By Lori Patterson, M.D., FAAP
When it comes to their children’s immunizations, some parents are choosing to listen to more than their doctor for information. Parents and caregivers are getting medical advice from message boards, blogs and other online sources. As a result, concerns and rumors have spread regarding the safety and purpose of vaccines. Here, Dr. Lori Patterson, pediatric infectious disease specialist, responds to common questions and misconceptions of immunizations.
How do immunizations work?
A: A vaccine contains pieces of a dead or weakened disease-producing germ. When those pieces are injected (or swallowed for a few vaccines), the body recognizes them as “not self” and makes antibodies (protective proteins) against them. This gives the person immunity against that specific infection, so the next time the individual “runs into” that live germ, his or her body can fight it off before it has a chance to make the person sick.
Will vaccines weaken my child’s immune system?
A: No. They actually strengthen the immune system by making it able to respond more quickly to the germs the person has been vaccinated against.
Can immunizations cause the disease it is supposed to prevent?
A: It is impossible to develop a disease from vaccines made with dead bacteria or viruses. Only vaccines made with weakened live viruses – like the measles-mumps-rubella vaccine (MMR) – could make a child develop a mild case of the disease, but it is usually less severe than the illness itself. The risk of significant disease from vaccination is extremely small.
“A flu shot can reduce a person’s chances of getting the flu by up to 80% during flu season.”
Can immunizations cause a bad reaction in my child?
A: Common, minor reactions to vaccines might include soreness and tenderness where the shot was given, swelling where the shot was given or fever. Of the millions of children vaccinated every year, very few experience severe side effects. In rare cases, a child may have an allergic reaction or a seizure. Before vaccines are given, notify the doctor of your child’s history of allergies caused by food or medications. The risk of a significant reaction is much, much less than the risks posed by the diseases themselves.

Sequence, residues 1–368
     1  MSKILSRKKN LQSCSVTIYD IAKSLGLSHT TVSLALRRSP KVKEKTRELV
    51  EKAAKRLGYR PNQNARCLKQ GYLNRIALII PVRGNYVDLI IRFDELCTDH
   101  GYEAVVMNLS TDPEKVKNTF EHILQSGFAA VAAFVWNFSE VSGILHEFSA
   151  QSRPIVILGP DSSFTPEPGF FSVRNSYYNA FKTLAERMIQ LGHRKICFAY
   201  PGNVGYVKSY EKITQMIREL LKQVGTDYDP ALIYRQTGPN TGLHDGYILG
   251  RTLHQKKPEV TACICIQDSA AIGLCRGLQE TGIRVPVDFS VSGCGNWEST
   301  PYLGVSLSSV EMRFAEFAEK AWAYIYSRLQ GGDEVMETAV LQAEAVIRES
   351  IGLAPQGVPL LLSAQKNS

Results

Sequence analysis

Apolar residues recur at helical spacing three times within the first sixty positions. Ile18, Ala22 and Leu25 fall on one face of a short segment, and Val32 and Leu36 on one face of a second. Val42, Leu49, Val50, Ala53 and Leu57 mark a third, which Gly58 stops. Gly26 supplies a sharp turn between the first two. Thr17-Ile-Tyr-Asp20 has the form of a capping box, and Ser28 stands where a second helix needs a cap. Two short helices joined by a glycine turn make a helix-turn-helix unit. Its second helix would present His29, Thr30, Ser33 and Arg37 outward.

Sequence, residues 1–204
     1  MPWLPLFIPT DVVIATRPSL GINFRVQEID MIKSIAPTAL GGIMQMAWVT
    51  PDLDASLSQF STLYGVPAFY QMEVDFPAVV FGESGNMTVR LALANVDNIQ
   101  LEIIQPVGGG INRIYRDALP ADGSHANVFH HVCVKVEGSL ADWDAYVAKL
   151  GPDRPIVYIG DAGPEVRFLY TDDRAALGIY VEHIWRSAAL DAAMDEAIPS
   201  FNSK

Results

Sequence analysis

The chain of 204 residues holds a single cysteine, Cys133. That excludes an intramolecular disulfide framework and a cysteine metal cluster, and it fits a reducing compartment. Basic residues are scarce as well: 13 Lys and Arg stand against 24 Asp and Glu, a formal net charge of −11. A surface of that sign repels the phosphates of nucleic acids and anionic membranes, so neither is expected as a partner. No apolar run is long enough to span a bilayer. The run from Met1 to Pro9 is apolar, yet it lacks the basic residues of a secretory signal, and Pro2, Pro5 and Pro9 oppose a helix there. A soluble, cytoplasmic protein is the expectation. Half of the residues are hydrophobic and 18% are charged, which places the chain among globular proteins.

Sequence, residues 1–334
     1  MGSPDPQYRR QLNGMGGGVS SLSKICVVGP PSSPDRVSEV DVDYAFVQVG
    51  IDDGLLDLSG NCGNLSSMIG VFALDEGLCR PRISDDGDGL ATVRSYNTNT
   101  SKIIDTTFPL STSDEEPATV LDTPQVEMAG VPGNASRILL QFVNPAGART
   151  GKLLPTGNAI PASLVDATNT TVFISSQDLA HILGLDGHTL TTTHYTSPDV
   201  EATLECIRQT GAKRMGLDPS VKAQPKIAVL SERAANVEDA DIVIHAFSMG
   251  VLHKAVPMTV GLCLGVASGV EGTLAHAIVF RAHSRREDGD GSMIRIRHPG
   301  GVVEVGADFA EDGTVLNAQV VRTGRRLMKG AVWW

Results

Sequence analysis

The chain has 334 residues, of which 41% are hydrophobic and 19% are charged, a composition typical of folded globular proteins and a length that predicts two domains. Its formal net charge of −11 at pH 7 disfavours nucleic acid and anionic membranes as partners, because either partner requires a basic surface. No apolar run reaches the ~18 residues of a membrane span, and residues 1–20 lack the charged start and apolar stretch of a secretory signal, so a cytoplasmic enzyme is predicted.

Why are new flu shots required every year?
A: Influenza is a virus that constantly changes every year, and the vaccine must change with it. A new flu shot is required each year to protect against the newest strain. A flu shot can reduce a person’s chances of getting the flu by up to 80% during flu season. The vaccine doesn’t protect against all strains of the flu, and it’s still possible to contract the virus. However, symptoms are usually milder and easier to get over if a person has been vaccinated. Also, immunity from a flu vaccine only lasts for a year or so.
Look for more information on immunizations and answers from Dr. Lori Patterson in the next issue of Knoxville Parent.
Lori Patterson, M.D., FAAP specializes in pediatric medicine and infectious disease at East Tennessee Children’s Hospital. For more information please visit the Children’s Hospital website (www.etch.com).
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